Dow Fights for Gains Following Disappointing Economic Releases
This morning's all-important July jobs report certainly wasn't what investors were expecting it to be, as only 162,000 new jobs were added to the U.S. economy during the month. That's the worst number we've seen in four months and well below the 185,000 that economists were expecting. Additionally, May and June were revised lower by a total of 26,000 jobs, and the labor force participation rate fell from 63.5% to 63.4%. Finally, while the unemployment rate did decline to 7.4%, that owes partly to a decline in the labor participation rate.
As this news hit investors this morning, the markets suffered more substantial losses, but they have since made their way back near breakeven. After being down more than 70 points, the Dow Jones Industrial Average is off by only 12 points, or 0.08%, as of 12:50 p.m. EDT. The S&P 500 is down less than a point, while the Nasdaq is now up about 0.1%. But despite coming off its lows, 17 of the Dow's 30 components are still in the red today. Let's take a moment to see why a few of them are lower.
Shares of Chevron are down 2.4% today after the company reported second-quarter earnings this morning that, similar to ExxonMobil's results yesterday, didn't impress. Chevron reported revenue of $57.37 billion, which was down 8.4% from the second quarter last year and was much better than the 16.4% revenue decline Exxon experienced this year when compared to 2012. Chevron's earnings came in at $2.77 per share, down 24% from $3.66 a year ago -- a discouraging result but still much better than Exxon's 54% profit decline. Chevron's operating margins fell from 19.6% to 15% during the quarter, but one of the biggest problems was that the company's downstream segment -- refining, marketing, and chemical operations -- experienced a profit decline of 59% as higher costs and lower margins hurt those units. Shares of ExxonMobil are down 1.3% today after falling just more than 1% yesterday.
Similar to Exxon and Chevron, IBM is a Dow component that has a lot of influence on which way the index moves, as it's the heaviest-weighted component. As it slides lower by 0.8% today, it's holding the blue-chip index lower. It was recently announced that IBM is losing a big customer, the Pennsylvania Department of Labor. IBM was paid $106.9 million to help the state fix some problems with its unemployment compensation programs from 2006 until September this year. But the state agency now says IBM's project is behind schedule, over budget, and ineffective. An IBM spokesperson nonetheless expressed surprise that the Pennsylvania Department of Labor will not renew the contract and said IBM was willing to work with the state to resolve the project's issues.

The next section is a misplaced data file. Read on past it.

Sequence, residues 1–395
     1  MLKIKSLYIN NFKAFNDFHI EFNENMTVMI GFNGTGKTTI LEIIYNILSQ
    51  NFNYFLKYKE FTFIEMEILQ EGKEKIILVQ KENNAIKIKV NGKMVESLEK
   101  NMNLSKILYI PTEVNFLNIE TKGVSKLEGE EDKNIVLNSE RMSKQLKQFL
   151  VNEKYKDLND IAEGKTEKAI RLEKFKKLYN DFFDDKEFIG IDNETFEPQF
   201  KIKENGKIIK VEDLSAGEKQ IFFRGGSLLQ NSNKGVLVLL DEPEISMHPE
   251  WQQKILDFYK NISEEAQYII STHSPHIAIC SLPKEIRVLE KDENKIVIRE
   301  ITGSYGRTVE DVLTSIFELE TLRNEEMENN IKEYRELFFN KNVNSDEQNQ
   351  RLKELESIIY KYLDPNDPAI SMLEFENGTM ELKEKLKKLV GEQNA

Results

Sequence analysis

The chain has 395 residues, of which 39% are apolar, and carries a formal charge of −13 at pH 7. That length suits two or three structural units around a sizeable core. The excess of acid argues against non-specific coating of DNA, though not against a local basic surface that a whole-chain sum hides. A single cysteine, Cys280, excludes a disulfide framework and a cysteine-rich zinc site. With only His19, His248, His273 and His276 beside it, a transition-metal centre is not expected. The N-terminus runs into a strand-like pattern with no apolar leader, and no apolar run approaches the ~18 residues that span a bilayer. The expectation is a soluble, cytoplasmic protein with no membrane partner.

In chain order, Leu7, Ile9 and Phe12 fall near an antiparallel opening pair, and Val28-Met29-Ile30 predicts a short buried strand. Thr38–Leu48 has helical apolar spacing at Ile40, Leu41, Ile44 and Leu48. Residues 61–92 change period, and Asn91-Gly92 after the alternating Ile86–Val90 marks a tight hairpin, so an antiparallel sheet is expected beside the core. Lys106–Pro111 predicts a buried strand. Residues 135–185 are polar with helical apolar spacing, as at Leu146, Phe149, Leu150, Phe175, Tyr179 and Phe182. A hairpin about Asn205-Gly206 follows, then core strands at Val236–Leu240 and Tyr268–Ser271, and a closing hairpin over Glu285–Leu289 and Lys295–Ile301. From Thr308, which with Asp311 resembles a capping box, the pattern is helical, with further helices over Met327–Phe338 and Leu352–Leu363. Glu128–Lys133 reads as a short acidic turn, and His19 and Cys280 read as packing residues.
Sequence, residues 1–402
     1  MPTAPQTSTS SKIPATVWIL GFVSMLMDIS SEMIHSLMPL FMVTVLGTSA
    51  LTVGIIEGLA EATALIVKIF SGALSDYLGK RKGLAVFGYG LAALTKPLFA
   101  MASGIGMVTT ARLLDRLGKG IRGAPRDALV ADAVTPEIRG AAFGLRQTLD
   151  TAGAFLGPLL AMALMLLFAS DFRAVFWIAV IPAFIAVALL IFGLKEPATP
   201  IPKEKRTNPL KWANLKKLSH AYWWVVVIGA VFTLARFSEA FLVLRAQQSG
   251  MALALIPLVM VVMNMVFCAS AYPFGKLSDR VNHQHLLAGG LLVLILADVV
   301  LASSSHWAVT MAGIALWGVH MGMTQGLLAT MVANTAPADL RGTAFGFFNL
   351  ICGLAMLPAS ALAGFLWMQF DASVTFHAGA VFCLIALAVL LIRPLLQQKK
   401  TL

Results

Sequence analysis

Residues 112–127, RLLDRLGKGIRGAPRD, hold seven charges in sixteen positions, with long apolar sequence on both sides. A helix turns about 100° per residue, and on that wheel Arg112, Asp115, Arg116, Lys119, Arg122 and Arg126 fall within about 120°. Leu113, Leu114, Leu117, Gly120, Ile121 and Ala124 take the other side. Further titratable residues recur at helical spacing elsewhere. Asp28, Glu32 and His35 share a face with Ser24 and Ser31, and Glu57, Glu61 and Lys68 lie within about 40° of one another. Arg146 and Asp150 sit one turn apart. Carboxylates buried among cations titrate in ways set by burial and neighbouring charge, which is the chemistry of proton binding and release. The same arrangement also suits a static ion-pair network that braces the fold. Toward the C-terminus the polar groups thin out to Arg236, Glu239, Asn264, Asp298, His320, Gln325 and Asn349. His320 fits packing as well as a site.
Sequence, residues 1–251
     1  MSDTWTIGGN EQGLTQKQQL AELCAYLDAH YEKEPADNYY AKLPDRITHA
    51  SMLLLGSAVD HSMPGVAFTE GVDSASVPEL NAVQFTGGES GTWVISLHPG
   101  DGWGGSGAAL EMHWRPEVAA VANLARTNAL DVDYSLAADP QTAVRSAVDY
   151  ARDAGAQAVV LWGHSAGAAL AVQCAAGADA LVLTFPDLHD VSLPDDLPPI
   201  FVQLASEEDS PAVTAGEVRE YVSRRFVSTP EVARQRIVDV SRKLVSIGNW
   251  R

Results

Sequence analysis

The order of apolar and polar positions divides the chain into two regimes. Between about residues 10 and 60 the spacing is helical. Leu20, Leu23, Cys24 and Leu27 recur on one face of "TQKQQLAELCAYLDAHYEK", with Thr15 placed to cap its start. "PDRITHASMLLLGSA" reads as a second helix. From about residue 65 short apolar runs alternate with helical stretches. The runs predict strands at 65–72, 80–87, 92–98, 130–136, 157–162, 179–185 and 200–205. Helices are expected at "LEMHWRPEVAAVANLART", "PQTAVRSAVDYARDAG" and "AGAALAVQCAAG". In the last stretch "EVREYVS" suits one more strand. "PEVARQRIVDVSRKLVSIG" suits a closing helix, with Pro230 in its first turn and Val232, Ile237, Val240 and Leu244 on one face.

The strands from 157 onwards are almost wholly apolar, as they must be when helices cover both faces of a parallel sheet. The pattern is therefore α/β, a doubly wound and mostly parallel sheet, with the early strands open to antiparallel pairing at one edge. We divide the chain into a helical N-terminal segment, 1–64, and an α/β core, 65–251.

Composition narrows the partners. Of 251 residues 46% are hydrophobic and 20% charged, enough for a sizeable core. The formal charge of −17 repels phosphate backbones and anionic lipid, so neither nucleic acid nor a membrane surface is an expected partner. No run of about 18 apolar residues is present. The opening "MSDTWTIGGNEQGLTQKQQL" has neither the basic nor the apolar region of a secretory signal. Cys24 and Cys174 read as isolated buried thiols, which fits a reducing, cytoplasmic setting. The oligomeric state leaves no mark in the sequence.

Shares of Bank of America are down 0.8%, which could be the result of a report from The Wall Street Journal indicating that the bank is planning to change its fee structure within Merrill Lynch. Currently, the advisors themselves set the prices wealth-management clients pay, but the bank is considering going to a more structured system in which some clients will pay as much as 50% more for the same services they are already receiving. We have seen in the past when Bank of America announced new checking-account fees a major uproar from clients, and these new fees may cause the same kind of outrage and customer disbursement, which could cost the company more than it will make on the increased fees.
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The article Dow Fights for Gains Following Disappointing Economic Releases originally appeared on Fool.com.Fool contributor Matt Thalman owns shares of Bank of America. Check back Monday through Friday as Matt explains what caused the Dow's winners and losers of the day, and every Saturday for a weekly recap. Follow Matt on Twitter @mthalman5513. The Motley Fool recommends Bank of America and Chevron. The Motley Fool owns shares of Bank of America and International Business Machines. Try any of our Foolish newsletter services free for 30 days. We Fools may not all hold the same opinions, but we all believe that considering a diverse range of insights makes us better investors. The Motley Fool has a disclosure policy.
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